1. Description of the equipment:
9.2 1 stainless steel pot with a gas distribution ring located just above the base, a vane stirrer, a control thermoelement, a pH electrode, a glass lid and a reflux condenser.
2. Description of nucleation
Enough 25 % strength caustic soda solution is added with stirring to an aqueous solution of iron(II) sulphate with 150 g/1 of FeSO4 for 40 % of the iron to be precipitated as iron(II) hydroxide. By aerating with air at 35°C, Fe(II) is oxidised to Fe(III); the pH then falling from 7 to 3.
3. Description of the pigment build-up reaction
Nuclei used: α-FeOOH with a specific surface area of 59 m2/g.
9 1 of nucleus-suspension with a concentration of 7.0 g/1 of a-FeOOH and a FeSO4 content of 40 g/1, as well as 650 g of metallic iron raw material, are initially introduced. The suspension is heated to 85°C with stirring at 200 rpm and then aerated with 200 1/h of air with further stirring. After specific oxidation times, samples of on average 250 ml are withdrawn. Reaction is terminated after 82 hours.
The a-FeOOH content of the samples is determined. From the a-FeOOH content after specific oxidation times and the a-FeOOH nucleus content used, the multiplication factor MF is calculated in accordance with the following equation:
MF = α-FeOOH content (of sample) / α-FeOOH content (of nuclei)
The following Table characterises the metallic, spherical iron raw materials used in the examples:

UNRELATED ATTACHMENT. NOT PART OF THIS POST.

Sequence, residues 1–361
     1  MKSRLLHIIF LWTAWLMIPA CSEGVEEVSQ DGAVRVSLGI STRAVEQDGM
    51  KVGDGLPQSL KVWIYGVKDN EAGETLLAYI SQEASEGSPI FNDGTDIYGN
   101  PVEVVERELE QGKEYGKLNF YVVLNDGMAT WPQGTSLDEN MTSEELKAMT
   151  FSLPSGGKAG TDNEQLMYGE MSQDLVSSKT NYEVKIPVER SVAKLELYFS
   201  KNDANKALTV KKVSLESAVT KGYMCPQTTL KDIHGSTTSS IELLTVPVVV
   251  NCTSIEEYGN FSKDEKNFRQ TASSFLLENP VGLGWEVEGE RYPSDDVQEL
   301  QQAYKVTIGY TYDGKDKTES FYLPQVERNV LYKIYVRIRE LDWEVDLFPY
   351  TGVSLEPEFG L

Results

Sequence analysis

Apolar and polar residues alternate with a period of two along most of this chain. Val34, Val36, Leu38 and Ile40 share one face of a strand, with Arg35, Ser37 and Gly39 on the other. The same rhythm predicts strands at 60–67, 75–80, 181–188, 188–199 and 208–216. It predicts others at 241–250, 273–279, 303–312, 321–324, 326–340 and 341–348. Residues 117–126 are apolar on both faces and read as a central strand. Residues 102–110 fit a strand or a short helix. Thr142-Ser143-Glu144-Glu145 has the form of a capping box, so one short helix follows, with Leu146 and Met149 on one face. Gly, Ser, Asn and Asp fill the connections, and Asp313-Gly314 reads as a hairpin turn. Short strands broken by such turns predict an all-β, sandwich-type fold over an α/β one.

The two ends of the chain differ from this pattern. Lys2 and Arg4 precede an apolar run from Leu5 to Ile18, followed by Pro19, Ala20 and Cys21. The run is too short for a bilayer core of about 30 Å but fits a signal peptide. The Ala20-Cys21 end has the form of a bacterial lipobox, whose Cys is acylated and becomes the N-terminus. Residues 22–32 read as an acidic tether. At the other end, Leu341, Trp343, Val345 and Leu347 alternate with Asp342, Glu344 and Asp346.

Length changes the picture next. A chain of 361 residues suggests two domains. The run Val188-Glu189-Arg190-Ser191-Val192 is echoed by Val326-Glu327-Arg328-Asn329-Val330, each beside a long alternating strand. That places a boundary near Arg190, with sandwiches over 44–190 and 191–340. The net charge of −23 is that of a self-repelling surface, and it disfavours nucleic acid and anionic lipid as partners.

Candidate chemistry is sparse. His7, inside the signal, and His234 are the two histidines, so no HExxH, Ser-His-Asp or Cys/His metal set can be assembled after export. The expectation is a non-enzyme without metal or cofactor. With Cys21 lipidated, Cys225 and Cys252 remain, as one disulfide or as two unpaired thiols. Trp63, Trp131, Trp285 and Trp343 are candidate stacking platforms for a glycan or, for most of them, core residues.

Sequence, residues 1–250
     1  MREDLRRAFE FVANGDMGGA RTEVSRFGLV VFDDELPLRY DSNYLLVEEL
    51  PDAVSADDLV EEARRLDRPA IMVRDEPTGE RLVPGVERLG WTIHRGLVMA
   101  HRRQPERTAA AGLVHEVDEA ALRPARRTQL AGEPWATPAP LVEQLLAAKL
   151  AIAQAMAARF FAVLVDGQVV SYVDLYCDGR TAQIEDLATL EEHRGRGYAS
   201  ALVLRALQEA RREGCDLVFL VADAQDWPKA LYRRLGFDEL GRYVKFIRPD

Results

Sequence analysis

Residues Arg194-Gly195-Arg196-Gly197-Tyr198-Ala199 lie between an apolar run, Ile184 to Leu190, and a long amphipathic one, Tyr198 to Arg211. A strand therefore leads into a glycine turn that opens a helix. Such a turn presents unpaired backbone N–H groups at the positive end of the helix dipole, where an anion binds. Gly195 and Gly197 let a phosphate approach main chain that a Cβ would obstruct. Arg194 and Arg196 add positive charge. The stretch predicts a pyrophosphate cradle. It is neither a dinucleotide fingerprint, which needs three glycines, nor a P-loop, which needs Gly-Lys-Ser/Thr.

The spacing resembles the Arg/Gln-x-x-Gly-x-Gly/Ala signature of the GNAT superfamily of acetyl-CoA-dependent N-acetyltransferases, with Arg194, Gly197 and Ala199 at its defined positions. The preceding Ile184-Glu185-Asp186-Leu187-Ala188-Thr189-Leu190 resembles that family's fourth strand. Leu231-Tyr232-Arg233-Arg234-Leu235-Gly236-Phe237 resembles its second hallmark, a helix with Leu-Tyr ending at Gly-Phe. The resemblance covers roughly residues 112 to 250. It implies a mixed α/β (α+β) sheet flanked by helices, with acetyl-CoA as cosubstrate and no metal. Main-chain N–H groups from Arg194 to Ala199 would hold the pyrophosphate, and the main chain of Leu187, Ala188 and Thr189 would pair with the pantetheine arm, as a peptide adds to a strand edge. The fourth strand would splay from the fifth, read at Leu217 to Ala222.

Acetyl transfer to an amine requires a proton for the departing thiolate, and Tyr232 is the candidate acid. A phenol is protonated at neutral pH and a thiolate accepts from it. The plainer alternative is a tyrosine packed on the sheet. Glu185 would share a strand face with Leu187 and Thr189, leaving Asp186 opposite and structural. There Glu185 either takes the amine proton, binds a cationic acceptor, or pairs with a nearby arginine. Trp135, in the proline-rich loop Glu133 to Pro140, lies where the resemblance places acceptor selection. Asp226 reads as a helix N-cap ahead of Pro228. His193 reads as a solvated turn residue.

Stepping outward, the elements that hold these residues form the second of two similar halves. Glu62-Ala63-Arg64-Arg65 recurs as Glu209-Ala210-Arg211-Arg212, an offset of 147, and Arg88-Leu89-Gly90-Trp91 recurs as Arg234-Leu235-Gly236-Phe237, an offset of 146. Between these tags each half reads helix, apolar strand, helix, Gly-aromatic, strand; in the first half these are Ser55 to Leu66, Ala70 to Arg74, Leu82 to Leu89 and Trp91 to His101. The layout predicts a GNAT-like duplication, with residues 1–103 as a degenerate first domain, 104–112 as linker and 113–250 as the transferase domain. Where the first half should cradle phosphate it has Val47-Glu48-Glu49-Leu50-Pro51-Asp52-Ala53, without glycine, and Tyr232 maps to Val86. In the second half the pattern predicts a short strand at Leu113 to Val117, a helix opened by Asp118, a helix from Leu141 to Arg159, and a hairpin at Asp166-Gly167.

Table 1; Characteristics of the metallic, spherical iron raw materials
The run times for sample withdrawal and the CIELAB colour indices Aa* and Ab* measured are listed in the following Table for the examples. The reference material used was the pigment built up in the same way as the pigments prepared according to the invention (run time 122 h), but which had been obtained using low-bainite iron particles. The samples are filtered by conventional methods, washed salt-free and dried for 15 hours at 90°C in a drying cabinet. Then the CIELAB colour indices are determined in accordance with the methods given above.
Table 2: Run times and CIELAB colour indices Δa* and Ab* for the
pigments when using spherical iron particles (Penniman process)
(x = reference material)
Figure 1 shows that the synthetic, metallic, bainite-rich iron raw material had advantages over the synthetic, low-bainite iron particles with regard to the quality-relevant CIELAB colour indices b* and C* (= V(a*2 + b*2)) and also to space-time yields.
Use of the new, synthetic, bainite-rich iron raw materials for producing iron oxide yellow pigments by the Laux process is described by way of example in the following examples, wherein a person skilled in the art may vary the selection of industrial aggregates or additional feedstocks, depending on requirements. Iron oxide pigments which are obtained by the reaction of metallic iron raw materials with nitrobenzene are prepared in accordance with the Laux process which is described in Patents DE 463 773, DE 464 561, DE 515 758 and US 4 234 348 (Ullmann's Encyclopedia of Industrial Chemistry Vol. A 20, p. 301-303 and 362, 1992), the complete disclosures of which are expressly incorporated herein by reference. By varying the additional feedstocks, a person skilled in the art can specifically prepare any of the iron oxide phases obtainable in the Laux process (a-FeOOH, y-Fe2O3, a-Fe2O3 or Fe3O4), as is generally known. Using the process described in the Patents, the substances given in Table 3 are converted in pressure-resistant tanks fitted with stirrers.